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Neurotoxicol Teratol. 1995 Jan-Feb;17(1):31-9.

An in vitro study of the effects of lovastatin on human fetal brain cells.

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  • 1Department of Physiology, Institute of Experimental Medicine, St. Petersburg, Russia.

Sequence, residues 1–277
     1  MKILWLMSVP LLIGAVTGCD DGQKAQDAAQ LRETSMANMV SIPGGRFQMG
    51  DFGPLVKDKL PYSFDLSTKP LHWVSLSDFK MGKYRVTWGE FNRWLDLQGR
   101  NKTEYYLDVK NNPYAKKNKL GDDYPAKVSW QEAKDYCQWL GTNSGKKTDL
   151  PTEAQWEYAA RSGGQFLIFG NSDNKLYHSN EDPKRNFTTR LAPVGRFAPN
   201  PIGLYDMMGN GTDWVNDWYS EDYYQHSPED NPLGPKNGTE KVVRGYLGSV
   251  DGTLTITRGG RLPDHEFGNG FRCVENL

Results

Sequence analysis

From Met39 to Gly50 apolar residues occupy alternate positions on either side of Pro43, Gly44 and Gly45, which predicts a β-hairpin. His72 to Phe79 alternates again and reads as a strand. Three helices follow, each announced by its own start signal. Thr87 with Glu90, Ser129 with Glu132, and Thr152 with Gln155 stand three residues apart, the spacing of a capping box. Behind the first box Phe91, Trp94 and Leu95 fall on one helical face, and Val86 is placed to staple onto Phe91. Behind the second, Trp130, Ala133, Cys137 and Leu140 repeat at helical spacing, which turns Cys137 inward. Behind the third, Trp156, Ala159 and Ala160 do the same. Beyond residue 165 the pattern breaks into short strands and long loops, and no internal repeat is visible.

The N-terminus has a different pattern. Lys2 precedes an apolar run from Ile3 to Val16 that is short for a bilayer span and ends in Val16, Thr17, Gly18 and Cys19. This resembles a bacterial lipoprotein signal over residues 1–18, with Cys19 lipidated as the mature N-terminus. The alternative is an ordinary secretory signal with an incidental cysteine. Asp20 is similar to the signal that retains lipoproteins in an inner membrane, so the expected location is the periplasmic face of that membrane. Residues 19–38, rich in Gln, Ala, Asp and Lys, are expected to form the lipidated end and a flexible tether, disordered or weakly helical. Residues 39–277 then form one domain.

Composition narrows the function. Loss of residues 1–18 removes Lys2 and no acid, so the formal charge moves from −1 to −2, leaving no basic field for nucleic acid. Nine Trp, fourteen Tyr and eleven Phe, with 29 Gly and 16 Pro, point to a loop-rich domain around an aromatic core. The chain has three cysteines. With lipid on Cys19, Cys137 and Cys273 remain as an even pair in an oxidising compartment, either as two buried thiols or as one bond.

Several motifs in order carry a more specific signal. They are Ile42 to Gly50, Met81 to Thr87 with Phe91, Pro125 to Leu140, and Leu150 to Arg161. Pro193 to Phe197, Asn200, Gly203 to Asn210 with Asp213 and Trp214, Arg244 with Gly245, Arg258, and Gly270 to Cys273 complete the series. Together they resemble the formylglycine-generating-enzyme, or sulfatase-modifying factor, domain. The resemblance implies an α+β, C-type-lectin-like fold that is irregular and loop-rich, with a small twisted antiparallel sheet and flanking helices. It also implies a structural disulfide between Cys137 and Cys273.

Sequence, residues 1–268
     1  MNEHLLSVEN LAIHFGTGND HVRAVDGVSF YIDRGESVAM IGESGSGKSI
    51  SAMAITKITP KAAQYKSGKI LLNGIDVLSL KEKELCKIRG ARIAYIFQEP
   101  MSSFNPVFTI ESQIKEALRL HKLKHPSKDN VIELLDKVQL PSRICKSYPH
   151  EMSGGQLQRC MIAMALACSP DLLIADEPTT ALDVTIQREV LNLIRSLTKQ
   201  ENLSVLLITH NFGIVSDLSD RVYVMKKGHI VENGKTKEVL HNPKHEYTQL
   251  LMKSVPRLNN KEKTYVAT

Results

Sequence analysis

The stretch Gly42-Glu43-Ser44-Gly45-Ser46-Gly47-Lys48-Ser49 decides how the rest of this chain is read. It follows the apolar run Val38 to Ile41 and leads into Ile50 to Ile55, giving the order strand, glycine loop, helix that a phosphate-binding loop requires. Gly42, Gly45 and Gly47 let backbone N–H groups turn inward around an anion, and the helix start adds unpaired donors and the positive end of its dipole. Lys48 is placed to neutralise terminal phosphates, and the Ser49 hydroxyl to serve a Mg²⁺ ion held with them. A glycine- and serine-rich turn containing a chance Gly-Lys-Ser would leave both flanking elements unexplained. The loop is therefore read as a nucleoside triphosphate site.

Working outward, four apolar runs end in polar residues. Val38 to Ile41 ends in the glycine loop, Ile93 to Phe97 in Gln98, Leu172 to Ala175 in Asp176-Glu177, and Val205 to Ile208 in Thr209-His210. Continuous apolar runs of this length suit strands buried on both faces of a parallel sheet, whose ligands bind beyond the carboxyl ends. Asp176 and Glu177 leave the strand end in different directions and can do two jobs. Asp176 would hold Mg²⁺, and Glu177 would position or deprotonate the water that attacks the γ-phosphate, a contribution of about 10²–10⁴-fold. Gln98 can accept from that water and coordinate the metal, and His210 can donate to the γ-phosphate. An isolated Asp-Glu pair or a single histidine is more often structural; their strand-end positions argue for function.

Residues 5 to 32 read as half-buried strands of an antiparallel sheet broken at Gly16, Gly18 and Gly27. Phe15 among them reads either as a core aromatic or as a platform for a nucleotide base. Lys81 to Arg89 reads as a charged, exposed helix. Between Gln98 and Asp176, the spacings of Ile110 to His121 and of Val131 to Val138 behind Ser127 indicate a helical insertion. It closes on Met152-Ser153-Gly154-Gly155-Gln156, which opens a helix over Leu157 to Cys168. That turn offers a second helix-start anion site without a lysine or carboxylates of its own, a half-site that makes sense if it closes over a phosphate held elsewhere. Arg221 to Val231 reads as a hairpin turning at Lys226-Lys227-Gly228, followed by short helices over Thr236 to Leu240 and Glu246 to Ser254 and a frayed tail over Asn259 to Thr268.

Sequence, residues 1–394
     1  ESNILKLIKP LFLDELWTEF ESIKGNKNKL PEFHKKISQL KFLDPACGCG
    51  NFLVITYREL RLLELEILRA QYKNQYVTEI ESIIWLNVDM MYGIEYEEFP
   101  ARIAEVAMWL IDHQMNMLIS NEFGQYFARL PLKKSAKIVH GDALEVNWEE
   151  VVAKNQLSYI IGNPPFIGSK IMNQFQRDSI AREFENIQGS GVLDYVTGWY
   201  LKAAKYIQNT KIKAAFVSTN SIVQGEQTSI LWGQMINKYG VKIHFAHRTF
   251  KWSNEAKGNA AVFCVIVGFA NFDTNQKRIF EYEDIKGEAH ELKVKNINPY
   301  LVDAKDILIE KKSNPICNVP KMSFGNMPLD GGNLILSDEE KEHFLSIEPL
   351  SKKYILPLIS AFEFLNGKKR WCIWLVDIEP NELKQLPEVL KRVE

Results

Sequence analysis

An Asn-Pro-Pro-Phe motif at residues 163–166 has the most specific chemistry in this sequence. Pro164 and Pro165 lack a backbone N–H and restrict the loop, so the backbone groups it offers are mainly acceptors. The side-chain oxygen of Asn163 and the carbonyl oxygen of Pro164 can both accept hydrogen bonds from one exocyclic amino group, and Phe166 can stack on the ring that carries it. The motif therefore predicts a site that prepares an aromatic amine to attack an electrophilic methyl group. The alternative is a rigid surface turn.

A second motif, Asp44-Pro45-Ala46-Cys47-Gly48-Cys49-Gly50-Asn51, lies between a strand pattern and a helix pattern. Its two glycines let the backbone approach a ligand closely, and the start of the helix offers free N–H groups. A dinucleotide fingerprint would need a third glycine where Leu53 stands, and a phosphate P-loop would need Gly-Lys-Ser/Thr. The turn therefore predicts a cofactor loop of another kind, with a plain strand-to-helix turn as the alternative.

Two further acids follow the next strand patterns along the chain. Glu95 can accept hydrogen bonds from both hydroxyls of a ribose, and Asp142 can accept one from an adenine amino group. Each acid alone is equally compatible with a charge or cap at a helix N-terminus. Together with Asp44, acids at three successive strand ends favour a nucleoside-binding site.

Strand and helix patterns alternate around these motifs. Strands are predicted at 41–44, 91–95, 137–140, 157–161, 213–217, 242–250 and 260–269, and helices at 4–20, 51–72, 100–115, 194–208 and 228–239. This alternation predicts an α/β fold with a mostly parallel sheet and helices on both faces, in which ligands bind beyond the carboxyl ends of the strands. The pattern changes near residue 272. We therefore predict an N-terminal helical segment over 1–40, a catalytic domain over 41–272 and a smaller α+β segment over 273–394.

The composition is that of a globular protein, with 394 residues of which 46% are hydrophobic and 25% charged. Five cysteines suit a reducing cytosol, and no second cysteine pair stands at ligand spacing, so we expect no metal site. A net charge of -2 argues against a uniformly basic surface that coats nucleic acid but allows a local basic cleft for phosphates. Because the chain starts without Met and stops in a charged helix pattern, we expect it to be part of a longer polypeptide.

We used various cultures of embryonic brain cells and a line of immortal astrocytes as in vitro model systems to study the direct effects of the hypolipidemic drug lovastatin on developing human CNS cells. Our data showed that pharmacological concentrations of the drug significantly affected growth and development of neuronal and astroglial cells in serum- and lipid-free media. Lovastatin at concentrations of 0.01-1000 ng/ml effectively inhibited intracellular cholesterol synthesis in primary and immortal astrocytes as well as in glial-neuronal reaggregated cultures. Primary astrocytes were more sensitive to minimal concentrations of the drug than their immortal counterparts and glial-neuronal aggregates. A concentration of 100 ng/ml of lovastatin significantly increased activity of LDL receptors both in primary and immortal astrocytes by about 100% and 50%, respectively (p < 0.001 and p < 0.01, respectively). Proliferation of immortal astrocytes in serum-free medium was entirely inhibited by 100 ng/ml of lovastatin. By contrast, a concentration of 5 ng/ml of lovastatin had no significant effect on cell proliferation. Long-term exposure of human brain explants to 100 ng/ml of lovastatin resulted in detrimental ultrastructural changes in neuronal and glial cells and led to cell death. Our data suggest that lovastatin is neurotoxic to developing brain cells and we propose that its in vivo adverse effects on the CNS may be attributed, at least in part, to its direct influence on human neurons and astrocytes as observed in vitro.

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